No hybrids in WRC for at least five years
Hybrid technology will not be introduced to the World Rally Championship for at least five years, says the FIA.
Motorsport's governing body has begun investigating how to incorporate hybrid systems or fully-electric cars into the WRC.
But FIA rally director Jarmo Mahonen said manufacturers have been promised five years of stability with the current technical regulations first.
"We have had internal meetings about this," Mahonen told Autosport.
"Now we have to start the discussions about the powertrain: is it electric? What is it?
"We need to talk to the right people from the manufacturers.
"The big companies have their strategies and we need to see how can we fit in with these.
"But right now, we need stability.
"There will be no electric cars for five years."
The World Endurance Championship's LMP1 class and later Formula 1 made hybrid technology a core part of their regulations over the past decade.
Away from circuit racing, electric cars are set to be introduced into rallycross in 2018 after the US-based Global series announced its intention to create a bespoke class.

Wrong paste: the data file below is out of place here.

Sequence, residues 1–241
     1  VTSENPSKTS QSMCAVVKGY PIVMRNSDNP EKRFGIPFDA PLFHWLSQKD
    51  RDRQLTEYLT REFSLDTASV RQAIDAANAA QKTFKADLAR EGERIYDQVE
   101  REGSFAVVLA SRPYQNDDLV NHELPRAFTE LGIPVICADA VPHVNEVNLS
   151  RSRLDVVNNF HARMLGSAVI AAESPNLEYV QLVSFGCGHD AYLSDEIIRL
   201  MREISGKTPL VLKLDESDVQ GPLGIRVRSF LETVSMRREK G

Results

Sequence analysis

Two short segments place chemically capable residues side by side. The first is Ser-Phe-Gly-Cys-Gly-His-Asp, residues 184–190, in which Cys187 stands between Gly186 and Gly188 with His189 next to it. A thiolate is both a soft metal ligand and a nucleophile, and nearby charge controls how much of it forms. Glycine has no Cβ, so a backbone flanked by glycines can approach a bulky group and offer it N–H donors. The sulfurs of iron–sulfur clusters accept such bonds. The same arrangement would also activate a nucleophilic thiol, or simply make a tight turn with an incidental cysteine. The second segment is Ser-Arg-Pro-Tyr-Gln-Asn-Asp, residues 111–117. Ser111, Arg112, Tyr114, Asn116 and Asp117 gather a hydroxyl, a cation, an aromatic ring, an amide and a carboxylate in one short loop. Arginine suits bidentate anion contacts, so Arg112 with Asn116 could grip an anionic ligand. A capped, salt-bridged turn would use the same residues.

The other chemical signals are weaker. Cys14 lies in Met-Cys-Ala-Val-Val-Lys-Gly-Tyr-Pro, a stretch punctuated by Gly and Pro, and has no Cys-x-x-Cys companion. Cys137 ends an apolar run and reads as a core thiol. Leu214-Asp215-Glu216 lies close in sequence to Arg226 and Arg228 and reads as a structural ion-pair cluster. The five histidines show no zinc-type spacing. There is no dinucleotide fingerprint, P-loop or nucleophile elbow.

An electric rallycross car, developed by the ex-WRC driver Manfred Stohl's STARD firm and based on a Peugeot 207 Super2000 car, broke cover late last year.
VIDEO: STARD'S ELECTRIC RX CAR
In France, the ice-racing Andros Trophy series has had an electric category since its 2010/11 edition.
Mahonen said it made sense for rallycross to go electric before the WRC given the short RX race lengths.
"It's much easier for them," he said.
"Rallying is one of the hardest disciplines to become electric or hybrid.
"One option could be to use electricity on the road sections between the stages and then use the engine in the stages.
"We need to talk about this, but everything can be achieved if we all sit around the table."